Let’s test your series and Nebraska trivia knowledge by playing a time-honored game called Two Truths and a Lie. (No Google cheaters!)
Which of these statements is NOT true?
1. There really is a Morton College named after J. Sterling Morton.
2. There really is a town called Carson, Nebraska, named after Johnny Carson.
3. There really is a town called Wahoo, Nebraska.
One of the first things an author decides when beginning a series is whether to set it in a real town or to create their own. There are pros and cons to each, not the least of which is inhabiting a real city with a bunch of murdering ne’er-do-wells. Cabot Cove Syndrome plagues longstanding mystery series and authors pull out every trick imaginable to avoid making their books completely unbelievable after the 20th body turns up dead.
While Robert Parker’s Spenser and Janet Evanovich’s Stephanie Plum series include the personalities of Boston and Trenton as key characteristics, I followed in the footsteps of my other favorite mystery series.
It probably wasn’t until Sue Grafton’s S is for Silence when I did an internet search hunting for more details about Santa Teresa, California. We were heading to California on vacation, and I planned to visit iconic spots from the books like the boardwalk where Kinsey took her runs or the corner Hungarian restaurant where she ate gross food and drank cheap wine.
I remember my disappointment when I discovered Santa Teresa was fictional! She described the roads, businesses, and housing developments so clearly, I totally believed it must be near where Grafton lived in real life!
I’ve modeled the setting in my mysteries as a place a reader might find in any small town in Nebraska and included the names of famous Nebraskans, food, and of course Husker football throughout all the books.
So, which trivia was the lie?
FACT: J. Sterling Morton was a wealthy Nebraska newspaper editor, US Secretary of Agriculture, and the founder of Arbor Day due to his love of modern forestry. If you ever travel to Nebraska, consider visiting his 52-room mansion—a White House replica—on the grounds of the Arbor Lodge State Historical Park in Nebraska City. His son, Joy Morton, was founder of the Morton Salt Company. The second oldest community college in the state of Illinois is Morton College in Cicero, established in 1924.
FACT: Wahoo, Nebraska, located about 45 minutes west of Omaha, has a population of 4,500+ people. Wahoo became nationally known in 1996 when the townspeople successfully lobbied CBS’ David Letterman Show by bribing him with clothing, animals, alcoholic beverages, and free checkups at the Wahoo Medical Center to become the official “Home Office” during his nightly Top 10 list.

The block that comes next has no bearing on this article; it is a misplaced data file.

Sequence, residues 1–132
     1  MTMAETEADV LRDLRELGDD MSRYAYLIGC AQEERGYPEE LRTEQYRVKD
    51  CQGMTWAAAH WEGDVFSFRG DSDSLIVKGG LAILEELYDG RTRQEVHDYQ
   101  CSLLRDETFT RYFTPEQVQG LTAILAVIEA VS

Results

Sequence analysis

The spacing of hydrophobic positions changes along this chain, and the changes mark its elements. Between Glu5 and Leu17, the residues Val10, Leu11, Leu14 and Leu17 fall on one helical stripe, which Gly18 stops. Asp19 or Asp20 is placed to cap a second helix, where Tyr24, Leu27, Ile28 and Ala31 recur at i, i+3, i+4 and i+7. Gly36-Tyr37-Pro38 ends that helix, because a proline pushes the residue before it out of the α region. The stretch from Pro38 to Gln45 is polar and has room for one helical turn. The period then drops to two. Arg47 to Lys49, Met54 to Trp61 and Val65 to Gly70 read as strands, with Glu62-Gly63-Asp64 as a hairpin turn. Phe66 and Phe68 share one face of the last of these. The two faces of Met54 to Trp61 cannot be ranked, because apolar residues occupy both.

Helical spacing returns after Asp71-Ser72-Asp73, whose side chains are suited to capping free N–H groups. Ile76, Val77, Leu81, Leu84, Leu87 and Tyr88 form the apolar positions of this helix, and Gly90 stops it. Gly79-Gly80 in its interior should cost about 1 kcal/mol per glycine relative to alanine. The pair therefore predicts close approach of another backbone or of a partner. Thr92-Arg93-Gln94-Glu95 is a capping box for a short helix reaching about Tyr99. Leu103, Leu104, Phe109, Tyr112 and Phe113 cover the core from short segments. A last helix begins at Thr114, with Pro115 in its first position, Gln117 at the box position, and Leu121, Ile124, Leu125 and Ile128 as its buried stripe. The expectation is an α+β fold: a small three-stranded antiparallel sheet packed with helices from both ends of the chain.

FICTION: In the Cassandra Sato Mysteries, Carson, Nebraska, is named after another favorite son, Johnny Carson, best known as the host of The Tonight Show for thirty years. Fictional Carson is about 20 miles west of Wahoo, and would be located smack in the middle of a cornfield if it were a real place. With a population just shy of 8,000 people—half of them college students—by Nebraska standards, Carson would be in the top 20 largest communities in the state. I had a great time naming the Morton College buildings after other famous Nebraskans like our beloved coach, Tom Osborne; Susan La Flesche Picotte, a Native American doctor; and “Doc” Edgerton, a renowned scientist and MIT professor.
Like Sue Grafton, I have found that imagining my own town gives me freedom to place business and homes wherever they best fit, while still including the surrounding real landmarks in my stories. One of these days, it would be fun to have an artist make a map of Carson. Maybe when I finish the next installment!
Until then, thanks for playing along and learning a little about Nebraska trivia in the process. I hope you enjoy reading Dead of Winter Break as much as I enjoyed writing it.
KELLY BRAKENHOFF is an American Sign Language Interpreter whose motivation for learning ASL began in high school when she wanted to converse with her deaf friends. In addition to the Cassandra Sato Mystery Series, Kelly writes children’s picture books featuring Duke the Deaf Dog and illustrated by her sister, Theresa Murray. The mother of four young adults and a German Wirehair Pointer, Kelly and her husband call Nebraska home.
Dead of Winter Break is the third book in Kelly Brakenhoff's popular Cassandra Sato Mystery Series. Death by Dissertation was a 2020 RONE Award Finalist. Publishers Weekly called Dead Week, "a diverting whodunit."
It's beginning to look a lot like murder . . .
And Cassandra is knee deep in . . .
Her boss is dead, and the police are calling it burglary gone wrong. But when the killer comes after her, it's going to take more than a pair of furry boots to keep the smart, witty Morton College administrator, Cassandra Sato, out of the deep. . .
Her first Christmas in Nebraska could be her last unless her friends help unravel the mystery and housebreak her dog.
Buy now for a fast-paced, holiday themed whodunit or enter the Goodreads Giveaway for your chance to win a print copy of the book.
Listen to Kelly Brakenhoff's podcast episode here.
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